Haitian prime minister negotiates a delicate security balance

Latortue looks to reconcile nation's rich with its poor

October 31, 2004|By Carol J. Williams | Carol J. Williams,LOS ANGELES TIMES

PETIONVILLE, Haiti - In crisp new camouflage uniforms, automatic rifles at the ready, militia members from the disbanded Haitian army rumble out of their hilltop villa compound in a daily show of force to comfort the elite and intimidate armed radicals paralyzing the capital below.

Five miles downhill, in the most desperate neighborhoods of Port-au-Prince, the army of the slums trains its own weapons and anger on government and commerce. For three weeks, the gunmen have been sniping at port workers, police and United Nations peacekeepers, taking aim at any semblance of order eight months after President Jean-Bertrand Aristide fled the country on a U.S.-chartered jet.

Interim Prime Minister Gerard Latortue sits halfway between the two forces, at least geographically. He calls himself the man in the middle.

The 70-year-old former U.N. official has been asked to accomplish what has eluded every leader before him: Reconcile Haiti's rich with its poor, its powerful with the deprived.

Latortue's calls for national reconciliation and dialogue with the remnants of Aristide's Lavalas Party have infuriated the business community, whose shops and factories are being strangled by the daily mayhem of the Lavalas-aligned gunmen, known as chimeres.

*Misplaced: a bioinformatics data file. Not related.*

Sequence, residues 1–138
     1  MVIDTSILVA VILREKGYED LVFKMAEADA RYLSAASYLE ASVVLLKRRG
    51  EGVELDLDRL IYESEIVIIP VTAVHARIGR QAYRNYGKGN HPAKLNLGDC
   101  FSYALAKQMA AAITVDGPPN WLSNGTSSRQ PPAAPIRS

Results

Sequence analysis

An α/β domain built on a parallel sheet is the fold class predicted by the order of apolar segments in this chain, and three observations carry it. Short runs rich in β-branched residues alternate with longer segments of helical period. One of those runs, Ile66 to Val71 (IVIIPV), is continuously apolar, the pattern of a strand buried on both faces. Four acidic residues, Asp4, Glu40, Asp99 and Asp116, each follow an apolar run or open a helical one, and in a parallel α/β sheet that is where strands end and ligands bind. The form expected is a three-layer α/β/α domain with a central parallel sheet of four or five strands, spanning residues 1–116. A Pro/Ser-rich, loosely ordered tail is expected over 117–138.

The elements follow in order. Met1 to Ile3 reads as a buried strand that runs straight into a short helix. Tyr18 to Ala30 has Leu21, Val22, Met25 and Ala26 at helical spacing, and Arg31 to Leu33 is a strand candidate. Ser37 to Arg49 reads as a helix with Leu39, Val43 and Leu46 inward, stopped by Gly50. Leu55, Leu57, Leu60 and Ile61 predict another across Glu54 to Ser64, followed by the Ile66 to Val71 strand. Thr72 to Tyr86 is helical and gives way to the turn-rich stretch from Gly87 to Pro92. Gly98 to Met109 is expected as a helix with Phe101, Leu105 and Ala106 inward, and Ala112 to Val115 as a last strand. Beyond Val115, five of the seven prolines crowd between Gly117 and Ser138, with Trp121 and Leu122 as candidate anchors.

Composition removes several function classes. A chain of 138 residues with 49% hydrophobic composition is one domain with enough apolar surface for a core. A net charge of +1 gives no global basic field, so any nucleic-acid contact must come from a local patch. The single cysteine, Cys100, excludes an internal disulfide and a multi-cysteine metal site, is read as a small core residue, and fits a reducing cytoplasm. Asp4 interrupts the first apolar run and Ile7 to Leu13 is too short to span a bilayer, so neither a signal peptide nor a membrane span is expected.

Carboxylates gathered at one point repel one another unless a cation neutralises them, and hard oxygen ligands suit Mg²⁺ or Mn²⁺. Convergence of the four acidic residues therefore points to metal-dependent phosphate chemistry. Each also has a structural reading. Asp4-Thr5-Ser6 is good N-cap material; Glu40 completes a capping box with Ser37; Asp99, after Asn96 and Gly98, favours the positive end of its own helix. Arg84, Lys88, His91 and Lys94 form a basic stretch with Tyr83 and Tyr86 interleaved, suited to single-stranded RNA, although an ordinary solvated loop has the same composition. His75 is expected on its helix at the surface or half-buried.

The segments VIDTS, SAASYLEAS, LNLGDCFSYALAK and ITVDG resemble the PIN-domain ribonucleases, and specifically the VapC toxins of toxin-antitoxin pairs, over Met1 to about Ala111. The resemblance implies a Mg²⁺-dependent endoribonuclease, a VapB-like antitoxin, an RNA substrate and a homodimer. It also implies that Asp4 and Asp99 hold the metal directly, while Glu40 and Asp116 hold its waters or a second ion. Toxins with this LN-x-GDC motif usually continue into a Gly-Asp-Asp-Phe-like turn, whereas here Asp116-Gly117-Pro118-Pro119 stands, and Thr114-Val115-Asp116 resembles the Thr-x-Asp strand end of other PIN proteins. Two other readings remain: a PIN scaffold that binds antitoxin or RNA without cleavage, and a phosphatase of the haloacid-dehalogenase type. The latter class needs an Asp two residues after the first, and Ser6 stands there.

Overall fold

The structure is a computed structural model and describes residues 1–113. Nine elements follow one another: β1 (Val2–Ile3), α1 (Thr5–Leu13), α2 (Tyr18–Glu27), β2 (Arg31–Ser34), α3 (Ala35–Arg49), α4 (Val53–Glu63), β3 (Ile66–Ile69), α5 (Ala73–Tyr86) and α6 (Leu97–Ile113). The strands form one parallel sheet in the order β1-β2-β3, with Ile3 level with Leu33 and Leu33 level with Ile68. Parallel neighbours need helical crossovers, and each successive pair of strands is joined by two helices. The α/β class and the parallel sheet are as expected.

His moves to reintegrate soldiers demobilized by Aristide 10 years ago have incensed the few Lavalas figures trying to carry on the party's social mission. They accuse him of empowering a corrupt force that deposed Aristide in a 1991 coup bankrolled by the industrial kingpins who, then as now, seek to call the shots in Haiti.

In an interview at the hillside mansion that houses his office, Latortue accused Aristide of orchestrating the disruptions from his exile in South Africa. He expressed frustration with Haitians of all political walks who are unprepared to compromise for the sake of peace. And he obliquely criticized the U.S. government for pulling out its troops before the job of stabilization was done.

Most forcefully, though, Latortue repeated the mantra he chants daily in radio interviews and public appearances: that his sole aim was to break Haiti out of its history of one extreme replacing another. For 200 years, since slaves overthrew their French colonial masters, dictators and demagogues have alternated at the national helm, mostly through coups and flawed elections, each newcomer exacting revenge against the supporters of the departed.

"Nobody wants to accept that there's a government in Haiti that doesn't want to stay in power," Latortue said, noting that none of the dozen Cabinet members serving in his interim government is eligible to run for office when elections are to be held late next year.

Although he is criticized from all directions, the prime minister - chosen by a panel comprising a Lavalas politician, an opposition figure and the senior U.N. official in Haiti - brushes off the scorn as political posturing. "I don't take pressure from anybody," he said. "I know I'm not persecuting [Lavalas], and to those who say I should go arrest everyone from the former government, that is not my style."

Latortue contends he is maintaining a delicate security balance.

He declined to rule out a crackdown by the former army troops, apparently hoping the mere threat of that action would deter the street gangs he was reluctant to antagonize with a direct confrontation. He also defended the soldiers' right to recover their jobs and pensions.

"They are citizens of Haiti. They have a skill that can be used for the benefit of the country," he said. "The decision to demobilize the army was illegal." The Los Angeles Times is a Tribune Publishing newspaper.

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